'More cures, fewer side-effects' with pioneering radiotherapy machine
The first patient in the UK has been treated with a pioneering new radiotherapy machine.
The MR Linac simultaneously scans tumours inside the body while delivering X-ray radiation beams.
It means clinicians can plan and adjust radiotherapy in real time, allowing it to be more accurate than ever before.
They hope it will lead to more patients being cured while experiencing fewer side-effects.
Barry Dolling, 65, who has prostate cancer, is the first patient in the UK to be treated.
He told me: "I feel privileged and excited to be part of this. I volunteered to be part of the Prism trial and feel my treatment and the research will help others diagnosed with prostate cancer in the future."
Prof Uwe Oelfke, who leads the joint MR Linac project at the ICR and Marsden, told me: "Ten years ago we did not think it would be possible to combine MRI and radiotherapy - this is a real step-change in technology."
The machine has been specially designed so that the magnetic coils of the MRI and the X-ray beam of the linear accelerator do not interfere with each other.
It will be especially useful in treating tumours that shift in size and shape in the body, such as in the lung, bladder and bowel.
Dr Alison Tree, consultant oncologist at the Royal Marsden, described the new technology as "a dream come true" that would enable clinicians to deliver more targeted, higher doses of radiation, sparing healthy tissue.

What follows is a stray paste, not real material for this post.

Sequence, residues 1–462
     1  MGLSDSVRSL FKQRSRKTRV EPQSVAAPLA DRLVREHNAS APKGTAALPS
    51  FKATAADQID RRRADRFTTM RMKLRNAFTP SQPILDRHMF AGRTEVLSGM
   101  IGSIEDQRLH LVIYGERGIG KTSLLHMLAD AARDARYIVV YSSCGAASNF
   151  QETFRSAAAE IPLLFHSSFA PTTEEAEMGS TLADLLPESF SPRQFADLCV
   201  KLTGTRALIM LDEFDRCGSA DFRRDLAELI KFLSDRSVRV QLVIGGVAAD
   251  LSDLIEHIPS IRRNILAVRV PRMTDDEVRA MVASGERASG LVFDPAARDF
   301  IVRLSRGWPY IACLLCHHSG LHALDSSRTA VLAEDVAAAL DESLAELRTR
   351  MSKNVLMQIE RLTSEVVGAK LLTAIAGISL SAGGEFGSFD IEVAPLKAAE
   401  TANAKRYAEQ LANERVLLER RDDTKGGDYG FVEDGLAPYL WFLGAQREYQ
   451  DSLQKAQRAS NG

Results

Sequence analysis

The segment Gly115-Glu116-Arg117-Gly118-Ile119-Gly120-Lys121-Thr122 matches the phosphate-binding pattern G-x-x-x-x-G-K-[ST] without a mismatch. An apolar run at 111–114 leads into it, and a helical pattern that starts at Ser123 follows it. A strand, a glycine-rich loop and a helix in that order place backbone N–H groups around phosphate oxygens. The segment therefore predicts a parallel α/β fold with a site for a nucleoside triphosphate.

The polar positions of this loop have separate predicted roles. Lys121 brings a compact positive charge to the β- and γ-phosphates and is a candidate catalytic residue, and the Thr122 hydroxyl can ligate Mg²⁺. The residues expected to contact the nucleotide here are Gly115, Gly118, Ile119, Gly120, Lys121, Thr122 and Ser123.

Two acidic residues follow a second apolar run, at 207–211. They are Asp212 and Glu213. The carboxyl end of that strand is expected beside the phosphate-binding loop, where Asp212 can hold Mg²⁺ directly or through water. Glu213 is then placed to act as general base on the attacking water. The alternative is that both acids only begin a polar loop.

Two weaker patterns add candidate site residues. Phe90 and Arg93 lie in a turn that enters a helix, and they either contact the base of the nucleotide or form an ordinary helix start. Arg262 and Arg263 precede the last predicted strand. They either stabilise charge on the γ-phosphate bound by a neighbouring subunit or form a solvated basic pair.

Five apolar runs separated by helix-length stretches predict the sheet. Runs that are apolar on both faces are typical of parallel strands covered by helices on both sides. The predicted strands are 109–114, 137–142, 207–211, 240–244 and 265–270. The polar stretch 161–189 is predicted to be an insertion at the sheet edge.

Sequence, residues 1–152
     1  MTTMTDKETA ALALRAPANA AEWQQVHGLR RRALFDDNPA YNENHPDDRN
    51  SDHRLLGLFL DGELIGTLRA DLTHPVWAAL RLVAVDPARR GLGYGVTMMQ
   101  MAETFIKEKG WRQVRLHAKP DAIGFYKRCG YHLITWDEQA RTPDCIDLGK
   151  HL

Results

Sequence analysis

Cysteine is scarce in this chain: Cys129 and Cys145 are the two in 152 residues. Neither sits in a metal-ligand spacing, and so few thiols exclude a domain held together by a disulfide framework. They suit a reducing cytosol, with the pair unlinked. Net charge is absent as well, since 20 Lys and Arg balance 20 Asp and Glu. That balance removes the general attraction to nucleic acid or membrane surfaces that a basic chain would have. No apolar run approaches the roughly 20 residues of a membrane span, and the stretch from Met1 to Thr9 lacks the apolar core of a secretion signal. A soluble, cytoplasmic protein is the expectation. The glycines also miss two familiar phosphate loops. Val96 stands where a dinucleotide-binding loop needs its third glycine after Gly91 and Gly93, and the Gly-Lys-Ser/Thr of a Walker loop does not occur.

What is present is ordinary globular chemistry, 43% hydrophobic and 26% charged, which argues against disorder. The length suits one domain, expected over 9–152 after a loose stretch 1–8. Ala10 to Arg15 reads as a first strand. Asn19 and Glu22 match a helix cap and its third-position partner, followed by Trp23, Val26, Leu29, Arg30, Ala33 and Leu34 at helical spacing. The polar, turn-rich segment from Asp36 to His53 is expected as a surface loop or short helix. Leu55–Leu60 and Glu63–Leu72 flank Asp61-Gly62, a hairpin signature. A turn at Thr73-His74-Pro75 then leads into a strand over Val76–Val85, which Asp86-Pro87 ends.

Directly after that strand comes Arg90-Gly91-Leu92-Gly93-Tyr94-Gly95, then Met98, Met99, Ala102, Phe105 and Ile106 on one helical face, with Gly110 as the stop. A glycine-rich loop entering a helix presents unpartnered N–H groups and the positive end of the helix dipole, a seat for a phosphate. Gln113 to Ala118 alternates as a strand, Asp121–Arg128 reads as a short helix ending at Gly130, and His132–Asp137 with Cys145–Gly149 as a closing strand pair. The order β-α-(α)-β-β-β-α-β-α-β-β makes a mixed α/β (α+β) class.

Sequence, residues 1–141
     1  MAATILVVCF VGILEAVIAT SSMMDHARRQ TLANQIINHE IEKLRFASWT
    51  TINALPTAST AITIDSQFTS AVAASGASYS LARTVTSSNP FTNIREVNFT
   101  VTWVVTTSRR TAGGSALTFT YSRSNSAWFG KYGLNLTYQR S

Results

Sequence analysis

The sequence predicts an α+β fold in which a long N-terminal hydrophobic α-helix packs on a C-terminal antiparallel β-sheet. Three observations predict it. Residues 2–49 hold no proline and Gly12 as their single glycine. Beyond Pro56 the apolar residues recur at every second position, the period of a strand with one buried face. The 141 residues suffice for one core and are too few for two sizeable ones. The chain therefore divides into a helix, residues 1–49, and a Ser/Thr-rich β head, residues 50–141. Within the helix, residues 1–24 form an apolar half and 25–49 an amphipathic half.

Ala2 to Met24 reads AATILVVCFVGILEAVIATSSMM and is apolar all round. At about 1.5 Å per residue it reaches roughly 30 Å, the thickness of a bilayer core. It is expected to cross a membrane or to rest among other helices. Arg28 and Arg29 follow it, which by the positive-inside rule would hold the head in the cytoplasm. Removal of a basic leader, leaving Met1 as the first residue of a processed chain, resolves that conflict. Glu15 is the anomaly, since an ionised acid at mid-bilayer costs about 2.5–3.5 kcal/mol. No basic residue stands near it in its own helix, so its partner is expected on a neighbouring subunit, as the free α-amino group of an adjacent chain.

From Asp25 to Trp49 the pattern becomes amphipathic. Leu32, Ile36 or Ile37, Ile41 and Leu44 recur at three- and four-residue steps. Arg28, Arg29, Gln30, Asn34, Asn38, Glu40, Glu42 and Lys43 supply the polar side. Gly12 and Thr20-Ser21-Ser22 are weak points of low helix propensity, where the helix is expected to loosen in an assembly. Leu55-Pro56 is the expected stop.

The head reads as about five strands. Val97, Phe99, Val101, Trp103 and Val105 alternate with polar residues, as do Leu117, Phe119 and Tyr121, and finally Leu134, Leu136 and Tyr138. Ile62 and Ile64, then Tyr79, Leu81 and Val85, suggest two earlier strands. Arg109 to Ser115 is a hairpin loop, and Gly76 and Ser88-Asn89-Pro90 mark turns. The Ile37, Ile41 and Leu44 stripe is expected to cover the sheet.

"In lung cancer, we would like to give higher doses of radiotherapy but are limited because the tumour is often close to other vital structures in the chest," she said.
"This allows us to see the cancer more clearly and make sure the radiation goes where it is needed and not where it can cause harm."
The ability to give higher doses of radiation will enable patients to complete their treatment more quickly.
Mr Dolling will have 20 sessions of radiotherapy in the MR Linac. But it's predicted that eventually it will be possible to cure some cancers in a single treatment.
The Royal Marsden will treat prostate, rectal, bowel, bladder, cervical and eventually lung cancer in the MR Linac.
The installation of the MR Linac was made possible by a £10m grant from the Medical Research Council, plus support from the Royal Marsden Cancer Charity.
A second machine, at the Christie in Manchester, will begin treating patients early next year.
Both hospitals are part of an international research consortium together with companies Elekta, which makes the MR Linac, and Phillips.
So far, the only other cancer centres to treat patients with the MR Linac are in the Netherlands, in Utrecht and Amsterdam.
The prospect of more accurately targeted radiotherapy, with fewer side-effects, will inevitably mean there will be high demand for access to treatment in the MR Linac.
Dr Tree said there would be several clinical trials and priority would be given to research that yielded the most benefit to patients.
There have been significant improvements in radiotherapy treatment in recent years - it already contributes to 40% of all the cases of cancer that are cured.
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